Your body is awesome, it can be trained in so many different ways! In terms of our training, we know that two of the main factors are consistency and frequency. Put simply, your body will adapt to movements it performs most often.


Keeping this opening statement in mind, it should be easy to see that for the typical Age Grouper who spends 8-10 hours of the working day sitting behind a desk (not to mention seated commuting), his or her body will naturally adapt remarkably quickly to the seated position.


You May Feel This Yourself…


Do you ever stand up from your chair at the end of the day and feel stiffness in your hips, back, knees or ankles?


The many of us who sit for hours on end often tend to build up tightness in the hip flexors, experience reduced glute (butt muscle) activation, display poor hamstring mobility and tight calfs. Low back pain is commonly reported, as is upper back and shoulder pain due to poor upper torso and shoulder posture.


How Does This Impact Running?


Firstly, let me state the blatantly obvious – As far as movement patterns are concerned, sitting and running couldn’t be couldn’t be any more different!




The seated posture the majority of us adopt is essentially a static flexion pattern.


We sit with flexed hips and knees, many of us with poor pelvic posture, non-engaged core and the classic rounded over (protracted and flexed) upper torso posture. It’s almost like we’ve bent ourselves around our work-station!


Through extended periods of time spent in this flexion pattern, the muscles placed in a shortened position (the hip flexors for example) get tight and lose mobility, while the muscles which essentially aren’t used while sitting (glutes for example) become weak and inactive.




In direct contrast, running is a dynamic extension pattern.


When we run, we move actively through large ranges of motion at key joints, requiring strength through full ranges of motion, in all three cardinal planes. The powerful combined movement of ‘triple extension’ at the hip, knee and ankle is required to create effective forward propulsion.


This triple extension requires a certain range of motion at the hip in particular, into extension, with an active ‘drive’ coming from the glutes. With common soft tissue restrictions into hip extension, caused by tightness in the hip flexors for example, the body will struggle to achieve this important powerful extension. Read what happens when we lose extension at the hip.


We also see this in the upper body as well. When sitting hunched over our desk, working at the computer, many of us roll the shoulders forwards and excessively flex the upper back. Hours on end in this position makes us weak in our upper back (rhomboids for example), and tight in our chest muscles (pectoralis minor for example). We also lose important thoracic extension of the spine. I’m a classic bad example of this myself!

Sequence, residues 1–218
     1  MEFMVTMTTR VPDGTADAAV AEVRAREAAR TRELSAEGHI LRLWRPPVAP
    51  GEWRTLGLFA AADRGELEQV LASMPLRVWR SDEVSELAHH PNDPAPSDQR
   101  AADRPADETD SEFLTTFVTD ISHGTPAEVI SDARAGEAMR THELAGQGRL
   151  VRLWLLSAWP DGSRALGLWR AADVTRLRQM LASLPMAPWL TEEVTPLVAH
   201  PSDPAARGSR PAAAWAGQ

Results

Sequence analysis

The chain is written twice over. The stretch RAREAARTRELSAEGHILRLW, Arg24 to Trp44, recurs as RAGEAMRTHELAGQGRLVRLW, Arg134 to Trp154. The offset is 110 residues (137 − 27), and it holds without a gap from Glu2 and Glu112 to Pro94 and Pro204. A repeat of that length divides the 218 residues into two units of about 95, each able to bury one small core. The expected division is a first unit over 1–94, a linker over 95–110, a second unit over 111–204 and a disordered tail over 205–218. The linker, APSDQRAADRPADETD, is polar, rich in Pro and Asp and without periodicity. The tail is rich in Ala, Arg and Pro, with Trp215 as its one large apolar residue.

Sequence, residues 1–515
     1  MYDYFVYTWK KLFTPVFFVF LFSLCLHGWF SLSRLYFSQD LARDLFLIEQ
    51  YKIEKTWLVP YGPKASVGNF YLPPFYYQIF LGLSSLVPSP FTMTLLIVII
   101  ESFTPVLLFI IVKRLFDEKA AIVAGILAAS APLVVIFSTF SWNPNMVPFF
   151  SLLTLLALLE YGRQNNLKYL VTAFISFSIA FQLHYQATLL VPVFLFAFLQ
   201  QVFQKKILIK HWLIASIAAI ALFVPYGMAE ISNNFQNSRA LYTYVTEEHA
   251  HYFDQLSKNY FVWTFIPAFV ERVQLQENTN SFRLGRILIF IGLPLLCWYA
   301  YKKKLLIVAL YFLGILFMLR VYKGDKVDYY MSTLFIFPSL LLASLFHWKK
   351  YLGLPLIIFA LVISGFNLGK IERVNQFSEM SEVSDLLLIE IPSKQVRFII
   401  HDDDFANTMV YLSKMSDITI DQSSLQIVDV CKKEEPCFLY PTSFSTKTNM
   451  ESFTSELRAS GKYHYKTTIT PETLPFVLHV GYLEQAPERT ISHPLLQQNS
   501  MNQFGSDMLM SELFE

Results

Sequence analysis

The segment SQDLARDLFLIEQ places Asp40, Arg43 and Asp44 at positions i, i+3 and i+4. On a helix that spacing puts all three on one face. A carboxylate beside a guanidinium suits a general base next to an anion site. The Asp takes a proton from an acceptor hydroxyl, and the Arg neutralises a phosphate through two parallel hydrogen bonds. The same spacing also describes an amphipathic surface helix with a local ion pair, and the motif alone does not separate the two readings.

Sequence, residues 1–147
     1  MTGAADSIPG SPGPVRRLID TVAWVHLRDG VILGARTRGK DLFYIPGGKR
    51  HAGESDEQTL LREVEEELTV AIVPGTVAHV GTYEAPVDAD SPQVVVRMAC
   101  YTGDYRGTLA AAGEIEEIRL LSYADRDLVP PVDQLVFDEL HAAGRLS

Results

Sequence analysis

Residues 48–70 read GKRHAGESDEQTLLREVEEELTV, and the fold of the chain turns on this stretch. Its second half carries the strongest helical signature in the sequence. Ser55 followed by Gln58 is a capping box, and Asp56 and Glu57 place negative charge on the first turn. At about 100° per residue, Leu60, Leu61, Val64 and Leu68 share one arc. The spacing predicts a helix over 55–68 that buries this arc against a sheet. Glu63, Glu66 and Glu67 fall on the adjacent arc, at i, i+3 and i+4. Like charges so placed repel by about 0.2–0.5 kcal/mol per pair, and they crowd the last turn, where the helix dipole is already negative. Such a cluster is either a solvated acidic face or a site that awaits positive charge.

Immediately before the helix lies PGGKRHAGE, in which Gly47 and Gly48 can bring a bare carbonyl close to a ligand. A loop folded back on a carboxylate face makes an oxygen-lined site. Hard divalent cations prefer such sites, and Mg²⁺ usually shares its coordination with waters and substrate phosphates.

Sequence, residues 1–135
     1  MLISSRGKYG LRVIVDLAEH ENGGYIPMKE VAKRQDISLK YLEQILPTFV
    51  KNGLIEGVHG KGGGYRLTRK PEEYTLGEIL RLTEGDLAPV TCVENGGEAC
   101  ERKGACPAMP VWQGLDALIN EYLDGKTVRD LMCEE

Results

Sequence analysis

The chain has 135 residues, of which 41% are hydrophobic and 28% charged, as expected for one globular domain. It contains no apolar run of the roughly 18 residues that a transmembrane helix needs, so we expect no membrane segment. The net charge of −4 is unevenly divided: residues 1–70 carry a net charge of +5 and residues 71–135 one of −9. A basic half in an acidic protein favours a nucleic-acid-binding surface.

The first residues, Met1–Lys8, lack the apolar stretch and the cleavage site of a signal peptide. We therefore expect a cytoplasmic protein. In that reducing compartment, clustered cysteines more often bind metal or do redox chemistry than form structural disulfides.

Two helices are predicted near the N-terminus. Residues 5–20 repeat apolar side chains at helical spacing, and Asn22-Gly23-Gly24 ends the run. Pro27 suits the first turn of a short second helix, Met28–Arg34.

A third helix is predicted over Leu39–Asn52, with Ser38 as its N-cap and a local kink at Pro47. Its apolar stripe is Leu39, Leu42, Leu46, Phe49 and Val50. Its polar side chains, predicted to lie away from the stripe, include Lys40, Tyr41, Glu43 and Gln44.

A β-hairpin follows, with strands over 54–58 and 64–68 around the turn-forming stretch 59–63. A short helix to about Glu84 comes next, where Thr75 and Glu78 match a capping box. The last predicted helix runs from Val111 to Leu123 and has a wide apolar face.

For so many triathletes, problems really begin to occur when comes when we take ourselves out of our daily flexion pattern and try to run. We need to promote thoracic extension and a little positive rotation to load your abdominals properly. A poor upper body posture developed during hours working at a desk will invariably inhibit your ability to achieve this, and therefore impact your running for greatly.


Put simply: If you spend all day seated, reinforcing the static flexion pattern, don’t expect the fluid extension pattern of running to come easy!


As Triathletes, we exacerbate this further with time spent in the saddle. No matter how good your bike fit, cycling is a very different movement at the hips to running. Hours in the saddle all add to the flexion environment around the hip – but that’s our sport!


How Can You Help Yourself?


I’m a realist. I appreciate that your boss is unlikely to give you a standing desk. It’s even less likely that you’re going to quit your job in favour of improved running form!


Instead I get my working athletes to focus on offsetting the negative effects of sitting, with the powerfully positive benefits of targeted mobility drills and stretches.


I often suggest that for every two hours spent sitting down, take 5 minutes to get up and quickly stretch. Here are a collection of great mobility drills to try for yourself.


Three Key Stretches For The Working Triathlete


Hip Flexor & Quad Stretch



Hamstring Stretch



Calf Stretch